IP Network - FTP

 

 

 

FTP stands for 'File Transfer Protocol'. As you may guess from the term itself, it is a kind of protocol which is mainly used for uploading and downloading files between multiple computers (mainly two computer called a Client and a Server). Regardless of whether you are familiar with this protocol itself, I think most of the reader would already have used this protocol pretty often even though you may not realize it. If you have used some common tools like Filezilla or WinCommand or any other tools which is used to upload your data to a Web Hard or Clouding services it is highly probably that you are already a ftp user. However the purpose of this page is not to explain about those file upload/download tools, but look a little bit deeply into the ftp protocol itself so that you can have some in-depth knowledge on this protocol and it can be helful for the case you have to do troubleshooting on data throughput test with ftp.

 

In any protocol, I think one of the best way to understand the protocol in-detail is to capture a live log and go through every and each lines of the log. For this tutorial, I captured a live ftp log myself using Wireshark and I will explain the details of the log.

 

The configuration that I used to capture the sample log is as shown below. I used the two computers (one Windows 7 laptop and the other one Linux based laptop which are connected under the same subnet. Actually these two PCs were connected each other by WLAN Access Point at my home).

 

 

The server PC (Linux, running svftpd as the ftp server) and the client PC (Windows 7, using windows default ftp client).

 

The first log I will go through is the one for following simple steps. Ftp login and running the simplest ftp command 'ls' and 'get' command. If you understand the full details of protocol regarding these simple steps, you would have complete understanding of ftp protocol itself.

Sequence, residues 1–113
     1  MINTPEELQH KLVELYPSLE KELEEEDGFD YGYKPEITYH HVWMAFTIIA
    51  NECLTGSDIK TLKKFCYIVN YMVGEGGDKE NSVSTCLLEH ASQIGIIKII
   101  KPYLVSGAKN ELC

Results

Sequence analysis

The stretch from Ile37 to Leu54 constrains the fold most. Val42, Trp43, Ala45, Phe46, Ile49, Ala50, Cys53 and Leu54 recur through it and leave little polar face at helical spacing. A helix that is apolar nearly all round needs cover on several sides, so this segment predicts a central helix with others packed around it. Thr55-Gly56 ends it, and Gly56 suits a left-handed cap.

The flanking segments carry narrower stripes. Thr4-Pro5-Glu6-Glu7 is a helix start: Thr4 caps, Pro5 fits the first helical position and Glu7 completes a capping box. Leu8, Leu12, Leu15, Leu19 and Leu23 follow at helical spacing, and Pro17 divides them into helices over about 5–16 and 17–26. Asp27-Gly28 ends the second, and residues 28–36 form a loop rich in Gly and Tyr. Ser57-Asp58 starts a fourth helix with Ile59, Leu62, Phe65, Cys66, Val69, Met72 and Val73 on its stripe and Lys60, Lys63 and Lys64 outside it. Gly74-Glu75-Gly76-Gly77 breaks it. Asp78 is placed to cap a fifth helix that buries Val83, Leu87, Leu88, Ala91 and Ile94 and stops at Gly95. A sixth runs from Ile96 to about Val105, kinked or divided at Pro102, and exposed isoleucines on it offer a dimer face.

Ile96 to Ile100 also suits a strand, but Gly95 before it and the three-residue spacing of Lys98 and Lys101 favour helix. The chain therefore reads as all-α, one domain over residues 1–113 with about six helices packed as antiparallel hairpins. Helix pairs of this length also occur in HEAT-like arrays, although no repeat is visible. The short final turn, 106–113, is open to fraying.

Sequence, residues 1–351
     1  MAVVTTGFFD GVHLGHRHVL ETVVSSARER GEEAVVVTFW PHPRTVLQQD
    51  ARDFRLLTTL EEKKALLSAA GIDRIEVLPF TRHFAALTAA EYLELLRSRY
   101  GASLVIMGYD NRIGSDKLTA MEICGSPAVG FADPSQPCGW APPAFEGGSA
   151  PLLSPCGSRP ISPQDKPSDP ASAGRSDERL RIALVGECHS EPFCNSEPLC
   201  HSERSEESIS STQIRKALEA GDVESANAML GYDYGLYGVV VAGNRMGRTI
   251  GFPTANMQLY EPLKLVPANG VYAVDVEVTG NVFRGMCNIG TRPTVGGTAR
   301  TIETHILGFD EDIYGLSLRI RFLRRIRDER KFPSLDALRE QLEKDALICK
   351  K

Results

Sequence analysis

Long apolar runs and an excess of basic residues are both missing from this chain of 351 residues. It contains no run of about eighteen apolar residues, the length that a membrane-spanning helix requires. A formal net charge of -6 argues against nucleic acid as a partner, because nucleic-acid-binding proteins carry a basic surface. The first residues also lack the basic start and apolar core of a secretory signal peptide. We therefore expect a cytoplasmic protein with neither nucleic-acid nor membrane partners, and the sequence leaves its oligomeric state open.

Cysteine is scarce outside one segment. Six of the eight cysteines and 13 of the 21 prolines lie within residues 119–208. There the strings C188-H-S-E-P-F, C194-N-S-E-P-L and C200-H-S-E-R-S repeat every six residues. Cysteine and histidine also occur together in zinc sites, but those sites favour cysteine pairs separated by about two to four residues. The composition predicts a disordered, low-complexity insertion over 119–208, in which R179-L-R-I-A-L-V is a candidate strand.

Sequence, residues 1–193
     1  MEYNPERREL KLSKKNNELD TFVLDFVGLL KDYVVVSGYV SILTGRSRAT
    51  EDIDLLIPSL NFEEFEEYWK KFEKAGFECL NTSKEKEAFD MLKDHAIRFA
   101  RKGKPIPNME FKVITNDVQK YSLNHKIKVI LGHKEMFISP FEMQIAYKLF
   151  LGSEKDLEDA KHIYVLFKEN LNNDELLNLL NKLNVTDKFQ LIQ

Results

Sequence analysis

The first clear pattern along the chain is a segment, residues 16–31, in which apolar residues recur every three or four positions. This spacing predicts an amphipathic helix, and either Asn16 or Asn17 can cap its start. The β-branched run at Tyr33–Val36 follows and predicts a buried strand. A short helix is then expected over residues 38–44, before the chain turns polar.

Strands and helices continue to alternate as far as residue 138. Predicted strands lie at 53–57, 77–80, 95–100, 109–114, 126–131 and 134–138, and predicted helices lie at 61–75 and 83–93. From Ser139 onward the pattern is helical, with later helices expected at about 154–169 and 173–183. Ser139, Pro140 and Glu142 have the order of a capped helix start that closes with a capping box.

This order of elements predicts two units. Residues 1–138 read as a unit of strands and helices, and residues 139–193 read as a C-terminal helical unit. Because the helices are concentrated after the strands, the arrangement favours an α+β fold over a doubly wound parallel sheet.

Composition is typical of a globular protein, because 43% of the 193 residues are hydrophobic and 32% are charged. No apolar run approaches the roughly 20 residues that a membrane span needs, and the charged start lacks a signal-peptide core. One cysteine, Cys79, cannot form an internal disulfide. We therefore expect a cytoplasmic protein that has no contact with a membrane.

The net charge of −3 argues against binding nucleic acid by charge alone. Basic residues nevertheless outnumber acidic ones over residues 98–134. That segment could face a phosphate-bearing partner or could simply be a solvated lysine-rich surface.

C:\>ftp 192.168.0.10

    Connected to 192.168.0.10.

    220 (vsFTPd 2.3.5)

     

    User (192.168.0.10:(none)): anonymous

    331 Please specify the password.

    Password: anonymous

    230 Login successful.

     

    ftp> ls

    200 PORT command successful. Consider using PASV.

    150 Here comes the directory listing.

    temp.txt

    226 Directory send OK.

    ftp: 10 bytes received in 0.00Seconds 10000.00Kbytes/sec.

     

    ftp> get temp.txt

    200 PORT command successful. Consider using PASV.

    150 Opening BINARY mode data connection for temp.txt (1164 bytes).

    226 Transfer complete.

    ftp: 1164 bytes received in 0.08Seconds 14.92Kbytes/sec.

     

    ftp> quit

    221 Goodbye.

 

The log that was capture for these steps are as shown below. Just scan through the whole log and don't try to undertand everything at this step. Assuming you have basic knowledge of TCP, just trying to make a big picture out this log on your own. Click Here to get the Wireshark file (*.pcapng) shown in this example.

 

 

 

Message Flow for Log In

 

Now let's look into the log a little deeper. I will look into what's happending during the ftp login process. The command line procedure is a shown below.

 

    C:\>ftp 192.168.0.10

    Connected to 192.168.0.10.

    220 (vsFTPd 2.3.5)

     

    User (192.168.0.10:(none)): anonymous

    331 Please specify the password.

    Password: anonymous

    230 Login successful.

 

Following is the illustration of the TCP interactions between client and server which I drawed directly out of the log shown above.

I will put the description on each steps later. Just try to make your own story out of this illustration.

 

 

 

Message Flow for 'ls' - Active Mode

 

In this section, We will look into what's happenning when we run the simplest ftp command 'ls'. The command line procedure is shown below.

 

    ftp> ls

     

    200 PORT command successful. Consider using PASV.

    150 Here comes the directory listing.

    temp.txt

    226 Directory send OK.

    ftp: 10 bytes received in 0.00Seconds 10000.00Kbytes/sec.

 

The TCP socket interaction between client and server is as follows. You would be surprised that this kind of complicated interactions happens even for such a simple command. But even for the most complicated ftp procedure, the TCP interaction is almost the same as this one. So if you have a good understanding of this illustration, you would understand any ftp procedures at this kind of protocol level.

I will come back later for line by line description, but for now, try to make your own story out of this.

A couple of questions for your own study is

i) you see the port number 59898 on client side. Where this come from ?

ii) you see the port number 21 on server side. Where this come from ?

iii) At step 5, another socket with the port of 59914 is created on client side. Where this port number come from ?

iv) At step 5, another socket with the port of 20 is created on server side. Where this port number come from ?